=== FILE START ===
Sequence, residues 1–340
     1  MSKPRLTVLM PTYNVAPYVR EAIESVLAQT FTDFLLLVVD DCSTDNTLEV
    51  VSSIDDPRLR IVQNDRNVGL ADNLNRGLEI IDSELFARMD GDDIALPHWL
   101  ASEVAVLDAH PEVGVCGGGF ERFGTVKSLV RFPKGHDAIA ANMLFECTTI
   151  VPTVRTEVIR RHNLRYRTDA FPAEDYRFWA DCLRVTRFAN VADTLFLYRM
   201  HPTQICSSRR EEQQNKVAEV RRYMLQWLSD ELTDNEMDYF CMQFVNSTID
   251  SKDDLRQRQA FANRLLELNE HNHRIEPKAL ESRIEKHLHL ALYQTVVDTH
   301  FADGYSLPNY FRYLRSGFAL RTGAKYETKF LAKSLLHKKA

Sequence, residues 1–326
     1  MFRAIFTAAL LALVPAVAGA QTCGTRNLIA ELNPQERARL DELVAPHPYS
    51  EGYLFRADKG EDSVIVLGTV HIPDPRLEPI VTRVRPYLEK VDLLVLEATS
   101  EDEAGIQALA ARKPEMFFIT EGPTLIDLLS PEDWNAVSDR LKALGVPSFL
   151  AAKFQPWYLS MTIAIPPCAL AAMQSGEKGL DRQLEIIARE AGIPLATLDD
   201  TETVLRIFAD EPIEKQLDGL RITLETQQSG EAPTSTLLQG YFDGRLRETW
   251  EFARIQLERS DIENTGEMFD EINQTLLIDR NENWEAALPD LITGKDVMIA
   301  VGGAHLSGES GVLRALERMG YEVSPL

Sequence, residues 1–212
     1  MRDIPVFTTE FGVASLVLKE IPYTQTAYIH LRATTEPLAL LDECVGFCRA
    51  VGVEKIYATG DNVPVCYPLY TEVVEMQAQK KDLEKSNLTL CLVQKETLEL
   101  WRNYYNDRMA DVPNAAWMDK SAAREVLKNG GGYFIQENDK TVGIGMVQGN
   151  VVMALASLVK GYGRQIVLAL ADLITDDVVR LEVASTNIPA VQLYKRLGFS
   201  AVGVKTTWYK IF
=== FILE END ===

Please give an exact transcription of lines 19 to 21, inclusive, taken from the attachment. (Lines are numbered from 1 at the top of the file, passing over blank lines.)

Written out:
    51  VGVEKIYATG DNVPVCYPLY TEVVEMQAQK KDLEKSNLTL CLVQKETLEL
   101  WRNYYNDRMA DVPNAAWMDK SAAREVLKNG GGYFIQENDK TVGIGMVQGN
   151  VVMALASLVK GYGRQIVLAL ADLITDDVVR LEVASTNIPA VQLYKRLGFS